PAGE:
But, unfortunately, while the folktale’s reincarnation in the modern printed form as either a novel or a short story has been readily accepted by us and is being enjoyed, the written modern poetry has been commonly and simplistically branded as difficult, and then often discarded, in spite of poetry’s enjoying of the highest esteem in our literary heritage. This is one reason why I consider this day, this launch and this review to be very special to me because the book of poems whose birth we are here to serve as midwives does itself have all it takes to restore in us that love for, and enjoyment of poetry as a long-cherished strand of our literary heritage.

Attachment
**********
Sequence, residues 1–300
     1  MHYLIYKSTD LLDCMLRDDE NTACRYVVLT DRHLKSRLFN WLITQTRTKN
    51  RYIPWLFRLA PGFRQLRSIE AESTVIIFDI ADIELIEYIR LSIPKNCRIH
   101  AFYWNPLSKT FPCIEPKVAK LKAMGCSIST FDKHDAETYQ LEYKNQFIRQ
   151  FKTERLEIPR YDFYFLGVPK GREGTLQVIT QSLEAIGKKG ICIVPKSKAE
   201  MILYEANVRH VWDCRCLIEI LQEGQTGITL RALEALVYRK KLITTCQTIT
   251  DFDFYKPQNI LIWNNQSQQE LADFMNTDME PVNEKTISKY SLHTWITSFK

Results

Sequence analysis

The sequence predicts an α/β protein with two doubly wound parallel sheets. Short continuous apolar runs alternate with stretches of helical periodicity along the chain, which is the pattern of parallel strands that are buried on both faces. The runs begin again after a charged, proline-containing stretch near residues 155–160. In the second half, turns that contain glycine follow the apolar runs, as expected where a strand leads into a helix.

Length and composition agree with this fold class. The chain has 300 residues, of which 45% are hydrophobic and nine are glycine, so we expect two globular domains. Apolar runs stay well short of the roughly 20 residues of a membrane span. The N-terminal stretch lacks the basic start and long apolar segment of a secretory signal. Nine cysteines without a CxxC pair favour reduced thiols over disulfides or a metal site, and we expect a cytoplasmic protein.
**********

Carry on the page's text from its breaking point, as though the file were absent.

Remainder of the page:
As stated earlier, the personal joys, sorrows, visions, disappointments, afflictions and worldview of the individual in the indigenous society were common themes in the oral songs and other compositions of our forefathers. This aspect of our heritage has been most effectively carried over into the great work of poetry which we will be privileged to see and have shortly. Although the 64 poems which make up the anthology are not arranged in the order of their themes, it is easy to identify those which are concerned with, or derived from direct personal experience and those arising from the author’s commitment to the lot of humanity as a family, in the tradition of the singer-satirist of old. Thus, we can isolate the following as examples of poems that emerged from the poet’s personal experiences: "I Rise Again" (p.3), "A Mother’s Prayer" (p.5), "A Rape of Paradise" (p.6), "Let Go" (p.8), "An Update for Mother" (p.10), "When I’m With You" (p. 11), "For You I. E." (p. 21), "Ndarafi" (p. 27), "Life Is Waiting" (p. 28), "Release" (p.59), and many more others. In the real concrete world, when success is mismanaged, it could result in destructive pride or in the downfall of its host. Similarly, when a disappointment or an affliction is not understood and handled philosophically, it could lead its victim into paranoia, schizophrenia, suicide or any other form of mental or psychological disorder. But although our author may not have experienced any unusual personal tragedy herself, she has patiently and stoically allowed to ferment whatever usual disappointments she may have had into a fountain of rare wisdom and therapeutic lines for all of humankind to learn from, or be consoled by. In the poem, "I Rise Again", for example, she announces with defiance and confidence that she is rising again "to conquer worlds/ Only fertile minds/Would venture". Now back on her feet, she however resolves in another poem "Let Go" never to revenge. In her own words: